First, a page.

Five ways to commemorate Israel’s important days
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Five ways to commemorate Israel’s important days

Artistic avenues for internalizing this dramatic period in the national calendar

Jessica Steinberg covers the Sabra scene from south to north and back to the center.

(Photo credit: Kobi Gideon/Flash 90)
(Photo credit: Kobi Gideon/Flash 90)

The seven days that span Yom Hashoah,(Holocaust Remembrance Day), Yom Hazikaron and Yom Ha’atzmaut, (Israel’s Memorial and Independence Days), are a time of reflection, thought and memory. From the litany of sorrowful songs on the radio to the broadcast of testimonies, documentaries and films on television, the entire country is focused on remembering and, eventually, celebrating.

With such an extensive commemoration, it’s no wonder there’s a world of songs, books, movies, places and thoughts that have been created to mark this time period. They help set the stage, so to speak, for these landmark moments. Here are five for the week:

1) The Arab and Israeli youth musicians behind Heartbeat, an ensemble created with a grant from Fulbright and MTV, have found that music does help them transcend differences, by working and creating together, said Aaron Shneyer, the musician and director of Heartbeat. They put together the song “Bukra Fi Mishmish” (Arabic for “when pigs fly” or for when the impossible happens), in the last year.

Say what you want to say.
I just want to play.
Give me my violin.
Smile for a brighter day!

If there’s hope, the power to work, and art, then there’s life.
My lyrics can move mountains. There’s music and equality.
Without fear there’s no patience, ’cause you don’t know what you would lose.
(That means if you know what you’ll lose, you’ll get scared. Then you know you need to be patient.)
Tomorrow will be better! Try to create and believe, Yes YOU Can.
There’s the sun and its rays, yes there’s hope down here.
The moon and even a bit of light, there’s hope, even if it’s small.
An important step in your life is to hope.
Take your step towards change.
Make your anxiety disappear.
To be free, you have to liberate yourself!

All day I’m looking through my window and I understand whatever is his is mine and whatever is mine is yours. We are supposed to even be brothers, but to me it seems that doesn’t really matter to you.
We’ll break down the walls, and take down the flags and then we’ll discover a world where everything is possible. When we understand that we’re all human beings then forever and ever we will be able to live.
We will be able to live!

Rabbi Meir Lau (photo credit: Miriam Alster/Flash 90)
Rabbi Meir Lau (photo credit: Miriam Alster/Flash 90)

2) Israel’s former chief rabbi, Rabbi Meir Lau, has often said that he never fully told his personal Holocaust story, as a child survivor. His latest book, “Out of the Depths: The Story of a Child of Buchenwald Who Returned Home at Last”, was recently translated into English. As a memoir, it deals with his survival, his arrival in Israel and his life, as it relates to the events of the Holocaust.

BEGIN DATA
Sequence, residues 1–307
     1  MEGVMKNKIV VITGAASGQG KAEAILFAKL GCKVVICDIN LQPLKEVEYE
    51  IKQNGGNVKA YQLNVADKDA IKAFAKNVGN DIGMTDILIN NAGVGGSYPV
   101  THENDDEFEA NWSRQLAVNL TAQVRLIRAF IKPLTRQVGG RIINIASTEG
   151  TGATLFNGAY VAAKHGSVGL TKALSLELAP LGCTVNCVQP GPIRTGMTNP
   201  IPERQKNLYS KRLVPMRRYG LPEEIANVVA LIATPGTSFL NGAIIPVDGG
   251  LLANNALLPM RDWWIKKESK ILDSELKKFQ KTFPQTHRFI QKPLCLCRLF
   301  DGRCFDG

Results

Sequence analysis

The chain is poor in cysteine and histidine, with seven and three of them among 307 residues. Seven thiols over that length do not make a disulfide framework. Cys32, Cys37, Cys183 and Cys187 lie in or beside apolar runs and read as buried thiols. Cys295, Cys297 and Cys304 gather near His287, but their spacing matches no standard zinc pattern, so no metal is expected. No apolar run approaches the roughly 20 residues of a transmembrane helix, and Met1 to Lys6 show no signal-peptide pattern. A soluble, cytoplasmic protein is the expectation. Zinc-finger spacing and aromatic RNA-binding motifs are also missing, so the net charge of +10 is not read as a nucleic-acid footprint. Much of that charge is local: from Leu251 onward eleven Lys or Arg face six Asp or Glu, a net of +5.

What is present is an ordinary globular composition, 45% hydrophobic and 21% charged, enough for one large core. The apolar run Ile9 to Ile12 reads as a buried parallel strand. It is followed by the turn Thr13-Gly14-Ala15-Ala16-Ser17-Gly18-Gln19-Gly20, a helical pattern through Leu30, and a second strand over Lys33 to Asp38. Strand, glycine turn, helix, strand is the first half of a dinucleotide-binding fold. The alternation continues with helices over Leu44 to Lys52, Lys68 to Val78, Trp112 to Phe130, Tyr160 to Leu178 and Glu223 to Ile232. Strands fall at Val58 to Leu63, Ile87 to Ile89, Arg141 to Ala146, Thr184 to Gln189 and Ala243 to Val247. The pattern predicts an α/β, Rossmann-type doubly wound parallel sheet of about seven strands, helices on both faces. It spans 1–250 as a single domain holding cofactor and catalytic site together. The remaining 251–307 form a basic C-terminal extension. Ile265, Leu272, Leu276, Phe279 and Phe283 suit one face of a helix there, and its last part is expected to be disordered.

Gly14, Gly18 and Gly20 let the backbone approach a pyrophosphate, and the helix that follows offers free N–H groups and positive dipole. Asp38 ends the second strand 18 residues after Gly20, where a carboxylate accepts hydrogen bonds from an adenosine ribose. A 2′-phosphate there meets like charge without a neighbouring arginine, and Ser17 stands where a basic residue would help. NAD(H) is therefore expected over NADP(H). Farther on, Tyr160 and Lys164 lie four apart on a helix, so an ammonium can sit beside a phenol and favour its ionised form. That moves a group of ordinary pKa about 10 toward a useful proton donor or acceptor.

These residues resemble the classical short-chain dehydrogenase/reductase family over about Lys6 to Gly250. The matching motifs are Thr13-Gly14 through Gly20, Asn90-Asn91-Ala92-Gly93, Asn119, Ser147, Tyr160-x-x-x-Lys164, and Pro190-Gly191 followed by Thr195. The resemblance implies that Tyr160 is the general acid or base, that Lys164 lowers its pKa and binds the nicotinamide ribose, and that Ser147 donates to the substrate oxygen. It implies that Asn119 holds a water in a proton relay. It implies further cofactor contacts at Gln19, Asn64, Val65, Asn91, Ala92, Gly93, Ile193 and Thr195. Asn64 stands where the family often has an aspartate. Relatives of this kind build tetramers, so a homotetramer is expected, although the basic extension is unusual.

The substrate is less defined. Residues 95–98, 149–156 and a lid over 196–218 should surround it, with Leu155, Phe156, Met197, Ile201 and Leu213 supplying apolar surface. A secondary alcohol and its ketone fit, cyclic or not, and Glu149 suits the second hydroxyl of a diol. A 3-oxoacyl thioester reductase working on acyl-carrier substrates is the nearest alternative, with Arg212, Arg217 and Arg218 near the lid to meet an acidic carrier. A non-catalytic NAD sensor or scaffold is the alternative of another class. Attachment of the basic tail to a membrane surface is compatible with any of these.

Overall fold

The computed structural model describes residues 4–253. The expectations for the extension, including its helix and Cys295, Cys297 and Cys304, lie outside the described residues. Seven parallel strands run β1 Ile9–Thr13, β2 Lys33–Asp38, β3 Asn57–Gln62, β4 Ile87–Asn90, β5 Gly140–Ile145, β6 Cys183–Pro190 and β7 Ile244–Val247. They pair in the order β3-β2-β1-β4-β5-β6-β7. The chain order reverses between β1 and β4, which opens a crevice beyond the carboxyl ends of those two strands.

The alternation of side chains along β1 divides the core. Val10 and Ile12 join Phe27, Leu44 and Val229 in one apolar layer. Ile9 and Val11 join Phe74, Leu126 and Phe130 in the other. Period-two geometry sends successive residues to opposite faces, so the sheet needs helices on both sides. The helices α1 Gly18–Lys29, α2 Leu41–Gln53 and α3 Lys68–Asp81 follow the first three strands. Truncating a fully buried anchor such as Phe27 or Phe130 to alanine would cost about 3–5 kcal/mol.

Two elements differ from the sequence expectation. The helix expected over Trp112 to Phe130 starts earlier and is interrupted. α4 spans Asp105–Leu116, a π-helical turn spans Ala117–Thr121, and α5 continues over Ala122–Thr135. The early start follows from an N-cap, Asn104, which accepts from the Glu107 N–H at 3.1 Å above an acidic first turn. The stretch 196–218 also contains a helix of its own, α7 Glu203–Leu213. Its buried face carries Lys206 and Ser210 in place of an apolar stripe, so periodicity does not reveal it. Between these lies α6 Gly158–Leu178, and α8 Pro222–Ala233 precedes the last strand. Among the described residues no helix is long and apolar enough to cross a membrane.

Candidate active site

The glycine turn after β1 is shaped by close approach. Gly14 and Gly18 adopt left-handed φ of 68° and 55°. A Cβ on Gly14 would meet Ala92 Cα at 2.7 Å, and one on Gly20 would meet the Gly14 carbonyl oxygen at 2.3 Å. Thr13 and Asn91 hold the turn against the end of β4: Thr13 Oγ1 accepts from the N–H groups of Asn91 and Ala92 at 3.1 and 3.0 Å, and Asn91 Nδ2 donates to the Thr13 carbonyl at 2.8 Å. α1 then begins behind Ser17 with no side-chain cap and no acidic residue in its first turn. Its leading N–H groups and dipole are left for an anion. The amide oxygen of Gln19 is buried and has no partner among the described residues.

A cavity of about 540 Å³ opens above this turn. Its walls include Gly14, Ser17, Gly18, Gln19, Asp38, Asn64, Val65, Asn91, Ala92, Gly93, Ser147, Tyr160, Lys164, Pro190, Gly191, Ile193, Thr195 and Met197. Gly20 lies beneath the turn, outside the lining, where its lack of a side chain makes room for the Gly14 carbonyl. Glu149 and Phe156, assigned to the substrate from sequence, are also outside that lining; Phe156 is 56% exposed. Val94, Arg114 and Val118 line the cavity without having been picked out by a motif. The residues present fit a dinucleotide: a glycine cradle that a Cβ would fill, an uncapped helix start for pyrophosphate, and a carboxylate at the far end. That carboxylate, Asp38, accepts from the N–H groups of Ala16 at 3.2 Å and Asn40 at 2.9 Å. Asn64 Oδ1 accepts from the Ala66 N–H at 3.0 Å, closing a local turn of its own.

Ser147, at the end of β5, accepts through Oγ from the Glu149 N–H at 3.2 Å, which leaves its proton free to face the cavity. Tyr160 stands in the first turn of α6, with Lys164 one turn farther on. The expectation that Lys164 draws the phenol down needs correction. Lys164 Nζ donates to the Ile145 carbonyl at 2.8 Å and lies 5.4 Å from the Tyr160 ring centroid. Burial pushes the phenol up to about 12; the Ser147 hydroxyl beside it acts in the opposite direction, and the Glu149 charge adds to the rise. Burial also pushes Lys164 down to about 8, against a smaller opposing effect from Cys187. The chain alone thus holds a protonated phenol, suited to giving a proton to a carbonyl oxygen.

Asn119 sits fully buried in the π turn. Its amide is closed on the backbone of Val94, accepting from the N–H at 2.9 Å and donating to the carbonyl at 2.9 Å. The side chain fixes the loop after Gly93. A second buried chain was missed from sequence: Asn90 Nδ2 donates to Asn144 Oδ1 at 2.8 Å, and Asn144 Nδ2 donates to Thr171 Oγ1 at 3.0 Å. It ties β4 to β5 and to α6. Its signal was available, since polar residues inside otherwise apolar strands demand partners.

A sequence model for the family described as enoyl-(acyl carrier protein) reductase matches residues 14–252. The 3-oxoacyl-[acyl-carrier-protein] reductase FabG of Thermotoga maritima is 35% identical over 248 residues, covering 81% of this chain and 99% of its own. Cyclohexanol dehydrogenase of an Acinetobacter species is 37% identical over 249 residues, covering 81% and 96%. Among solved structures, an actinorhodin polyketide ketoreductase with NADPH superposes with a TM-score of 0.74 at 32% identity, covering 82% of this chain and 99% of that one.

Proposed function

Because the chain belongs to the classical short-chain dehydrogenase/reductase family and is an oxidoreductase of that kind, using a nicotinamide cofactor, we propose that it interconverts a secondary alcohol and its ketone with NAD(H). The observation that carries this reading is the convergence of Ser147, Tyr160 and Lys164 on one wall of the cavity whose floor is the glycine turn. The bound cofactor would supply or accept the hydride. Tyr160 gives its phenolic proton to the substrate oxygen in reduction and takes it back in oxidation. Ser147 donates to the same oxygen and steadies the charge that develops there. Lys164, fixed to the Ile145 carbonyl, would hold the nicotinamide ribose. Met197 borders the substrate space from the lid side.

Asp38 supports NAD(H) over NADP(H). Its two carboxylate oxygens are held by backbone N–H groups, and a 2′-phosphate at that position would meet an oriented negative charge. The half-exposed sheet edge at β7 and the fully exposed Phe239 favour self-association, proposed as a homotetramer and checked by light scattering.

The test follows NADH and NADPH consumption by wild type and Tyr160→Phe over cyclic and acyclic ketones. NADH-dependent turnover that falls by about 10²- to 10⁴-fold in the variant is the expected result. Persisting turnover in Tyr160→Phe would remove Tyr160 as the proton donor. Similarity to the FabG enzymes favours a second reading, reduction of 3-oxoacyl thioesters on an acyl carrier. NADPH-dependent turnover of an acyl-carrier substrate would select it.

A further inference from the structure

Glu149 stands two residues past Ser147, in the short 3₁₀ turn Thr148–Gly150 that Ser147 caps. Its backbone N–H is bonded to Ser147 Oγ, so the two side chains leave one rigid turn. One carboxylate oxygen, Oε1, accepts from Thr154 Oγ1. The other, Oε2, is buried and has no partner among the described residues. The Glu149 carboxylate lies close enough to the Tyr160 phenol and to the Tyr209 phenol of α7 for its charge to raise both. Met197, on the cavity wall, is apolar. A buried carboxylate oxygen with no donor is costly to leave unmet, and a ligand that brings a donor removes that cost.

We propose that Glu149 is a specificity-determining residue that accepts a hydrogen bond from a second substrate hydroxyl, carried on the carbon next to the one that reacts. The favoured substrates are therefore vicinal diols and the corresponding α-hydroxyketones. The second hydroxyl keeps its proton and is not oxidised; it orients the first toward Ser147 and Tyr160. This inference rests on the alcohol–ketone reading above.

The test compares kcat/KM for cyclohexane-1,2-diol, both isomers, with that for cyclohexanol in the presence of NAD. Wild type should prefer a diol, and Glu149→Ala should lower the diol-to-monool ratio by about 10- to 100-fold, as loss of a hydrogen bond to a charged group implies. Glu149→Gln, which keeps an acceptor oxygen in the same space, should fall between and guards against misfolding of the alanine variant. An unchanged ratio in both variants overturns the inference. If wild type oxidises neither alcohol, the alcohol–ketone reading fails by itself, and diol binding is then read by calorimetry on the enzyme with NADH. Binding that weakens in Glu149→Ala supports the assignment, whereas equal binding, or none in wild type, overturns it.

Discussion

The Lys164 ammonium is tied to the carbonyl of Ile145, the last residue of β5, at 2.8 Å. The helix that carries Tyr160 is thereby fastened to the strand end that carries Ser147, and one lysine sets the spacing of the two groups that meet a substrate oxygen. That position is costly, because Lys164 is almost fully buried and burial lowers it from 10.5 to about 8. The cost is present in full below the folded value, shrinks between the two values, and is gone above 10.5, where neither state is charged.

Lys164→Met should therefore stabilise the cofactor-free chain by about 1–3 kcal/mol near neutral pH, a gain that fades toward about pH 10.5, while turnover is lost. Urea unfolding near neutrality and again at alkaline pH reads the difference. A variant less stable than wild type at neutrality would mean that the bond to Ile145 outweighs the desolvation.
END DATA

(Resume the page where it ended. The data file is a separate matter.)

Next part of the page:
3) Sometimes it’s the films that connect us best to the events that happened before our time. Ha’aretz recently listed the best films of 2012, some of which haven’t even been completed yet. One of them is “The Fifth Heaven,” from director Dina Zvi-Riklis, about a young girl entering an orphanage in 1944 Palestine. It’s an era-appropriate look at the time period being commemorated right now.

The tunnel of the 'andarta' (photo credit: Shay Levy/Flash 90)
The tunnel of the 'Andarta' (photo credit: Shay Levy/Flash 90)

4) In Israel, it’s often all about the andartot, the monuments placed throughout the country memorializing the fallen. They’re everywhere, and some offer a particularly significant and meaningful understanding of the event and victims being remembered. Take a drive to the Monument of the Negev Brigade outside Beersheba, known locally as the Andarta, commemorating the members of the Palmach Negev Brigade who fell in the 1948 war.

Designed by sculptor Dani Karavan, it is considered one of the first pieces in the land art movement, as the sweep of raw concrete is powerful in its impression, and physically symbolic. Visitors can scramble across its tower and through its tunnel, reading the names of the soldiers who died and passages from their diaries.

A high school Yom Hazikaron ceremony (photo credit: Tsafrir Abayov/Flash 90)
A high school Yom Hazikaron ceremony (photo credit: Tsafrir Abayov/Flash 90)

5) Ceremonies abound this week, and some of the more meaningful are the smaller ones, held in high schools and community centers, at gravesides and in synagogues. Schools start their ceremonies with the countrywide sirens sounded on Yom Hashoah and Yom Hazikaron, using the moment to remember former students who have fallen in battle. Some synagogues mark Yom Hazikaron at the end of the day, before moving into the happiness of Yom Ha’atzmaut with a musical rendition of the psalms of Hallel.



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